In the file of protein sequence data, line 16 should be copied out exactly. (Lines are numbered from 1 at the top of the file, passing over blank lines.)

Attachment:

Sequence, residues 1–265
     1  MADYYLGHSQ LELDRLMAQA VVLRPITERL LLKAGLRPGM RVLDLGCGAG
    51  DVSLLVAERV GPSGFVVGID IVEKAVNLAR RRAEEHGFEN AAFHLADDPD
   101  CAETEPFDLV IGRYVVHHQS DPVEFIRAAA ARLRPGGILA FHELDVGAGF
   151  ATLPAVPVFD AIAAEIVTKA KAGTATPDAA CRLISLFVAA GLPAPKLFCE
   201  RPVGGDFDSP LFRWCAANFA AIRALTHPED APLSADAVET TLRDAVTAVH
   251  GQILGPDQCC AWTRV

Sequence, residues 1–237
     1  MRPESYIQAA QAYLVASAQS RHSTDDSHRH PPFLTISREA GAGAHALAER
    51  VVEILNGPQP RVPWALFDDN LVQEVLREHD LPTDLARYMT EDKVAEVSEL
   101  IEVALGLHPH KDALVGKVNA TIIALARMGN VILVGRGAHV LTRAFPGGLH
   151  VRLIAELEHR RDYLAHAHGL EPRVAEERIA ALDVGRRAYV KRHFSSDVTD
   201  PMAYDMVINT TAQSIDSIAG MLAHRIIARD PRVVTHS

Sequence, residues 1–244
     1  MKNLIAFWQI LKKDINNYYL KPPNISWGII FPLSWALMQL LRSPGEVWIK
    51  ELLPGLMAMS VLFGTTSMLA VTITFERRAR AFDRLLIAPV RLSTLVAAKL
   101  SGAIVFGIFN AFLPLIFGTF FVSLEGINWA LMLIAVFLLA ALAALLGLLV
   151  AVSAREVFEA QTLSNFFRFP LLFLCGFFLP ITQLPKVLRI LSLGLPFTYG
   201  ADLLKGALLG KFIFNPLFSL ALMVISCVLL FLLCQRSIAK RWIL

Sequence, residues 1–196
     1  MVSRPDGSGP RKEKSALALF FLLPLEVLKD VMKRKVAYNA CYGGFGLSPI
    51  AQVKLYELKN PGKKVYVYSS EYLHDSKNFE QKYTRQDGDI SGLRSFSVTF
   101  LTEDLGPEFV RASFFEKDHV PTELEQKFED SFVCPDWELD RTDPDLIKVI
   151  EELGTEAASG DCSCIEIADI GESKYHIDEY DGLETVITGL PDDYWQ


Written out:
    51  ELLPGLMAMS VLFGTTSMLA VTITFERRAR AFDRLLIAPV RLSTLVAAKL